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Thread: General and Agent new skill trees - what is your approach?

  1. #1
    Trobalov's Avatar Greek Pride
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    Default General and Agent new skill trees - what is your approach?

    Hey guys!

    Rome II remains solidly one of the best TW games. I really like the new trees provided to generals and agents.

    For instance, Champions remain great company to an army but only authority tree gives the exp option (for leveling the army units).

    Generals usually like Authority tree, but perhaps some Swordsmen units can use zeal tree to lead the army collisions.

    I'd like to hear some opinions and approaches on leveling their trees. (according to faction and their purpose of course!)

    Cheers
    Last edited by Trobalov; November 22, 2018 at 06:51 AM.

    Life is like Chess, once you make a move you can't take it back.

  2. #2

    Default Re: General and Agent new skill trees - what is your approach?

    Glad to see someone finally posting on the "Strategy" board again. My approach when it comes to agents and generals is to level them up according to their existing strengths; for example, if an agent starts with +1 to Cunning, then I will focus on giving them Cunning-related skills. For generals. I also try to give them assignments that match their primary attributes: Authority generals handle field battles, Cunning generals do raids and ambushes, and Zeal generals handle siege offense and defense.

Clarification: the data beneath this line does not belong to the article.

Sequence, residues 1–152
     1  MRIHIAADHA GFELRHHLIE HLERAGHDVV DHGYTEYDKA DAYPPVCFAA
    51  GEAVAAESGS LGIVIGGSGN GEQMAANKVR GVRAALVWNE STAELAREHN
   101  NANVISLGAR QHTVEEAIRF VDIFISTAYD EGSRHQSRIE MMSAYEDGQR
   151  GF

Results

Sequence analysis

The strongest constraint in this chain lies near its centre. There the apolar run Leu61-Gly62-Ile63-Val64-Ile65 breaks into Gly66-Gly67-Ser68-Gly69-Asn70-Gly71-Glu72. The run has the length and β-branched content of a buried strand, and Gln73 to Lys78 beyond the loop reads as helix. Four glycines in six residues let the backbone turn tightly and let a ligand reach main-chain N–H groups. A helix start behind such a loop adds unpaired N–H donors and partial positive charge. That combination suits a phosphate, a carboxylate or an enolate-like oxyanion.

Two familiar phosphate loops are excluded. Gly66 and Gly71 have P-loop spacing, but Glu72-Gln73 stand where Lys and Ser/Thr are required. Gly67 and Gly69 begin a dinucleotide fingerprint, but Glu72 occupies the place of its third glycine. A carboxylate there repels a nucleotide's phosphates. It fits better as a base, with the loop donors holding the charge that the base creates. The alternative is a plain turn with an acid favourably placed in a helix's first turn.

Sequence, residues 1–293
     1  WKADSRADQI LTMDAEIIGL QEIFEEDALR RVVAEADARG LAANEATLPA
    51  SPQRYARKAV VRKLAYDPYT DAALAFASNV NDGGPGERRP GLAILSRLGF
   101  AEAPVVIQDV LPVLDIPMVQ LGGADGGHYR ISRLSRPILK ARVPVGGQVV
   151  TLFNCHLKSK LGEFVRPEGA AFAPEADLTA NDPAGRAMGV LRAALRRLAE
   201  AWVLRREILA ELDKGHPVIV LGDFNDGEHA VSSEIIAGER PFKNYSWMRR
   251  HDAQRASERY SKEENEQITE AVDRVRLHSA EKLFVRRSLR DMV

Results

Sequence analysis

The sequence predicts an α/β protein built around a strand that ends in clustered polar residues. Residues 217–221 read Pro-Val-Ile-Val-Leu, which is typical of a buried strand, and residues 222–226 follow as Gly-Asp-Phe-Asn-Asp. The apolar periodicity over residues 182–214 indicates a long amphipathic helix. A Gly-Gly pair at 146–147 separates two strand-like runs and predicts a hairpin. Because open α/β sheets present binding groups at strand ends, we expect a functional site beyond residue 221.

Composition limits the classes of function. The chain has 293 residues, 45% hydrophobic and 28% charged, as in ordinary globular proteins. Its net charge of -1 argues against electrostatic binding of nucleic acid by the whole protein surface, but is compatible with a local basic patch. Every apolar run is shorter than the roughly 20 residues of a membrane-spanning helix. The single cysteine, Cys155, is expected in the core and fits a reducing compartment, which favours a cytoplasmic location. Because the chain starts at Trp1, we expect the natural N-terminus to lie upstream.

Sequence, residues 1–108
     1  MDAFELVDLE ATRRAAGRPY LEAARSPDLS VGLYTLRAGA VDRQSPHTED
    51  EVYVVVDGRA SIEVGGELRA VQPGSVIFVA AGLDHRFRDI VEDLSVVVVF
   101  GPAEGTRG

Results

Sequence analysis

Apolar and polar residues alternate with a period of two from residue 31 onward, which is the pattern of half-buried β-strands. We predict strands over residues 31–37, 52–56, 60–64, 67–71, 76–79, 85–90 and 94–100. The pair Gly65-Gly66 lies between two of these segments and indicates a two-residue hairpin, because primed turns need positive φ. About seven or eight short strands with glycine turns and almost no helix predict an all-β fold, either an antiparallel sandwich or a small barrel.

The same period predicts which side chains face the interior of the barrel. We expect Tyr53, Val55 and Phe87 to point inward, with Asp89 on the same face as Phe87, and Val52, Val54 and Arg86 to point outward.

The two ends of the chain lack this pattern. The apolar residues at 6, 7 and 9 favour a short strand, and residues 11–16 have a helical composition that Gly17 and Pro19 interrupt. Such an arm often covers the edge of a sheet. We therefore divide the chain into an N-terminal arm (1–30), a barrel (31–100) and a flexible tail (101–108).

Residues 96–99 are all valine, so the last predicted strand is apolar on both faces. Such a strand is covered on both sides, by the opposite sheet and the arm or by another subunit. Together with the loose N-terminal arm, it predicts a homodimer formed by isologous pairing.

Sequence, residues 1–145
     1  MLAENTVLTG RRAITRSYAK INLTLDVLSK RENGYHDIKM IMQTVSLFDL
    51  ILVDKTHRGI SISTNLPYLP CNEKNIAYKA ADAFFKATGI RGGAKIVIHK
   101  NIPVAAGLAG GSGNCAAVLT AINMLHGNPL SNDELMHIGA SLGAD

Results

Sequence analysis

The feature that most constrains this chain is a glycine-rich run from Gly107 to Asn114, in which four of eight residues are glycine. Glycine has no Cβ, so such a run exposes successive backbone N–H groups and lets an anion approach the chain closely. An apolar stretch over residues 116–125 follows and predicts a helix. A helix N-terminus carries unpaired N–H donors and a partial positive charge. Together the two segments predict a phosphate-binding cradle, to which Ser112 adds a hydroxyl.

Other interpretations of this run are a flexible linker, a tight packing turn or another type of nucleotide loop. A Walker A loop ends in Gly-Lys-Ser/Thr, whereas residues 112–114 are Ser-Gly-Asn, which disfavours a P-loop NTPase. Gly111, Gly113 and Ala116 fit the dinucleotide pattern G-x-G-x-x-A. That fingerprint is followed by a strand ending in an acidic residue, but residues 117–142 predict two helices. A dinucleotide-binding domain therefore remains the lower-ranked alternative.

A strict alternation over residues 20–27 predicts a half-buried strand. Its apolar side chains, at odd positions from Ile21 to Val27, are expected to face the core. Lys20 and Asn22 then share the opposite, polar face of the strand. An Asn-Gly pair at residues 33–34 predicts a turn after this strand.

3. #3
    Trobalov's Avatar Greek Pride
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    Default Re: General and Agent new skill trees - what is your approach?

    Now it is much more detailed and those stats really do mean something... so many trees and the great thing is that General and Agent trees are changing a bit depending on the faction culture! (compare i.e. a Greek culture agent with a Celtic one)

    Same goes for the new family trees and amazing possibilities given by the political intrigue options (bottom right of the family tree page). It really pays off (at least in my campaigns) to spend time on those options. You can save yourself from Civil war at a wrong moment, or even provoke one when you are ready for it! Option such as sending diplomats (using one of the available politicians) to improve relations with other factions can net you tributes, improved research among others (or betrayal even occasionally!). I am really sad that all known youtubers don't really pay any real effort in the political intrigue and agent / general trees options. It is not just a matter of taste, it is a matter of efficiency too!

    It's even more effective than I thought! Check this out, Free settlement!

    Spoiler Alert, click show to read: 


    Last edited by ♔Greek Strategos♔; December 22, 2018 at 09:15 AM. Reason: Merged posts, added spoilers.

    Life is like Chess, once you make a move you can't take it back.

  4. #4

    Default Re: General and Agent new skill trees - what is your approach?

    Quote Originally Posted by Trobalov View Post
    Now it is much more detailed and those stats really do mean something... so many trees and the great thing is that General and Agent trees are changing a bit depending on the faction culture! (compare i.e. a Greek culture agent with a Celtic one)